Committees and Group Decision Making

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Committees and Group Decision Making

What is Committee?
Committee is a group of persons to whom, as a group, some matter is committed. Its right purpose can result in greater motivation, improved problem solving, and increased output. Committees are prevalent in business. A board of directors is a committee, as are its various constituent groups, such as the executive committee, the finance committee, the audit committee, and the bonus committee. Occasionally, one finds a business managed by a management committee instead of a president.

In a study of subscribers to the Harvard Business Review, only 8 percent of the respondents indicated that they would eliminate committees if it were within their power. The problem, then, is not the existence of committees, but rather the way they are conducted and where they are used.

THE NATURE OF COMMITTEES
Because of varying authority assigned to committees, much confusion has resulted as to their nature. Some committees undertake managerial functions, and others do not. Some make decisions; others merely deliberate on problems without authority to decide. Some have authority to make recommendations to a manager, who may or may not accept them, while others are formed purely to receive information, without making recommendations or decisions.

A committee may be either line or staff, depending upon its authority. If its authority involves decision making affecting subordinates responsible to it, it is a plural executive—a line committee; if its authority relationship to a superior is advisory, then it is a staff committee.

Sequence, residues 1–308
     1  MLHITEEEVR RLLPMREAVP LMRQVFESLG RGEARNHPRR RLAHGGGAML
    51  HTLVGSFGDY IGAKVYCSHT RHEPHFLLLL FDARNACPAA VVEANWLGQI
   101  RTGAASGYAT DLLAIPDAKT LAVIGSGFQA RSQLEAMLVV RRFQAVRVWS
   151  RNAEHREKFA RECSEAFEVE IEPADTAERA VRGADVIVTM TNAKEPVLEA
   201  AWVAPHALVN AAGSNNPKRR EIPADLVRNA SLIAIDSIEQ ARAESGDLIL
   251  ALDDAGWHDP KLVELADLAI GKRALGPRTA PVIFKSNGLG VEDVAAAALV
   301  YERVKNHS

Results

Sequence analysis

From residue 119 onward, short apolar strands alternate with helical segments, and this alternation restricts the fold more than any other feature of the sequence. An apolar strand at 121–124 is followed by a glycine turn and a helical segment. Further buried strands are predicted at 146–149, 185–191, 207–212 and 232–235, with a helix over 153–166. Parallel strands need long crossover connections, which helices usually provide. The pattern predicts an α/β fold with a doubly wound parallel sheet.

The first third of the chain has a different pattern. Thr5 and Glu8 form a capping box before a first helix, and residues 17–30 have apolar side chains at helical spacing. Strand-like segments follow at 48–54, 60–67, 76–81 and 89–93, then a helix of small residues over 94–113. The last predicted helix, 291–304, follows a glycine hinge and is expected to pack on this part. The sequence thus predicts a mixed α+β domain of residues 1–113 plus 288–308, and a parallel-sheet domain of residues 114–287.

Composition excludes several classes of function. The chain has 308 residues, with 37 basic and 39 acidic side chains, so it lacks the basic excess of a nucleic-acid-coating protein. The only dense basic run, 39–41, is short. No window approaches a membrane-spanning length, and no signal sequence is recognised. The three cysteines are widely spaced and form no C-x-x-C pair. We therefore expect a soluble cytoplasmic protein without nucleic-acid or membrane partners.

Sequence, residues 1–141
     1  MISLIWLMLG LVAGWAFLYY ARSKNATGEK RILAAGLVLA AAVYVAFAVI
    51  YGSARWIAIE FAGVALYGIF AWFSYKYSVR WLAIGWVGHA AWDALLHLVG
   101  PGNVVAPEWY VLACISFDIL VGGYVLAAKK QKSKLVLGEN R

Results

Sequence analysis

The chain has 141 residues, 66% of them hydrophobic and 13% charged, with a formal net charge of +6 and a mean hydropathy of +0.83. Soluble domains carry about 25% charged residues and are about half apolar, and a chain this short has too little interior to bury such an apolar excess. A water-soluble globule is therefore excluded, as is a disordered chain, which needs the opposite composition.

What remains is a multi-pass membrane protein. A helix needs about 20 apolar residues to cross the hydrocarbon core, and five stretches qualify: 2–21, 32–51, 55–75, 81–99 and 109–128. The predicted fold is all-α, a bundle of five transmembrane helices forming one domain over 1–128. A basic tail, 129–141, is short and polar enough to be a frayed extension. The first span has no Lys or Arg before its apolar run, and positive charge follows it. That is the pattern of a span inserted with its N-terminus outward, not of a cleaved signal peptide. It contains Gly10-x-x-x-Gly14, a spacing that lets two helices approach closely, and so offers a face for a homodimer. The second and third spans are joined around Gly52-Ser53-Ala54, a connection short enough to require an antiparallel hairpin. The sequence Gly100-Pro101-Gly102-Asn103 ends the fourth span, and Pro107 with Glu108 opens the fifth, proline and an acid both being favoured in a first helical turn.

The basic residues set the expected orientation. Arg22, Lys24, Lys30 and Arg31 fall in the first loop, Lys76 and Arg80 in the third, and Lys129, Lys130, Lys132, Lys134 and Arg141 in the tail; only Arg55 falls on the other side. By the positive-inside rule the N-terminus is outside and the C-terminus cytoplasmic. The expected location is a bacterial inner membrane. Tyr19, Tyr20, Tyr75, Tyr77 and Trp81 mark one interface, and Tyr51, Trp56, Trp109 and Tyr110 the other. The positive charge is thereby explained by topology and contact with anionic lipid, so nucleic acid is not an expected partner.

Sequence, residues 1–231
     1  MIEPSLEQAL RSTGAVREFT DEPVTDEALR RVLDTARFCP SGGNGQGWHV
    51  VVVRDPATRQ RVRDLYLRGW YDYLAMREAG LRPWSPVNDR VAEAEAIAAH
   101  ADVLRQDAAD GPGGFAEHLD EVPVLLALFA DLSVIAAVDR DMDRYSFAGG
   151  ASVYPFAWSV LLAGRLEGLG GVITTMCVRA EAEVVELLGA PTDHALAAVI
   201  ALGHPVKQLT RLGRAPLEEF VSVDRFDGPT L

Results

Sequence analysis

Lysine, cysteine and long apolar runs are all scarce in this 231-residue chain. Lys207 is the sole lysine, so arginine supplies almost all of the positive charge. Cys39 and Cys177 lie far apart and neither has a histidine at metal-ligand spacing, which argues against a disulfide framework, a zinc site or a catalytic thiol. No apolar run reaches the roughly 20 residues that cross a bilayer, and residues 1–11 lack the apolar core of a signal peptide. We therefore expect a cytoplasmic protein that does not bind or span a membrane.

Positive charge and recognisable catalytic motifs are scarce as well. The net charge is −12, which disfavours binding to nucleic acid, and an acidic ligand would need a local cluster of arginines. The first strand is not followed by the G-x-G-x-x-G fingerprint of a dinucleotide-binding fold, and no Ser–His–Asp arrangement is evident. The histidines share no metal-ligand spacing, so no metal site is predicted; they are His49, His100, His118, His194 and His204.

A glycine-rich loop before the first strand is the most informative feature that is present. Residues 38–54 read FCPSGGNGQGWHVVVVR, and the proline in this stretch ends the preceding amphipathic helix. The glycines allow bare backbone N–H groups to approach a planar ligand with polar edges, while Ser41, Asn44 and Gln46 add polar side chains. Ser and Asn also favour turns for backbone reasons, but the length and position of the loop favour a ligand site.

Committees may also be formal or informal. If established as part of the organization structure, with specifically delegated duties and authority, they are formal. Most committees with any permanence fall into this class. Or they may be informal, that is, organized without specific delegation of authority and usually by some person desiring group thinking or group decision on a particular problem. Moreover, committees may be relatively permanent, or they may be temporary.

REASONS FOR USING COMMITTEES
Group Deliberation and Judgment
Perhaps the most important reason for the use of committees is the advantage of gaining group deliberation and judgment—a variation of the adage that "two heads are better than one." A group of people can bring to bear on a problem a wider range of experience than a single person, a greater variety of opinion, a more thorough probing of the facts, and a more diverse training in specialized aspects. Very few important business problems fall entirely into a single area such as production, engineering, finance, or sales. Most, on the contrary, require more knowledge, experience, and judgment than any individual possesses.

Fear of Too Much Authority in a Single Person
Another reason for the widespread use of committees is the fear of delegating too much authority to a single person. Individual’s self motive has influenced the formation of many internal business committees. A committee may be established to make recommendations on a problem largely because the president or department head does not wish to take full responsibility for making a decision or to trust the decision to a subordinate. Bonus committees often result from such motivation, and major financial and capital investment policies are developed by committees, partly because of unwillingness to trust a single individual with complete authority to make such important decisions.

Representation of Interested Groups
Representation plays a part, too, in the establishment and staffing of committees in business. Boards of directors are often selected on the basis of groups interested in the company and, perhaps more often, on the basis of groups in which the company has an interest. When executives have a particularly difficult internal problem involving managers and specialists in various departments and activities, they may choose...
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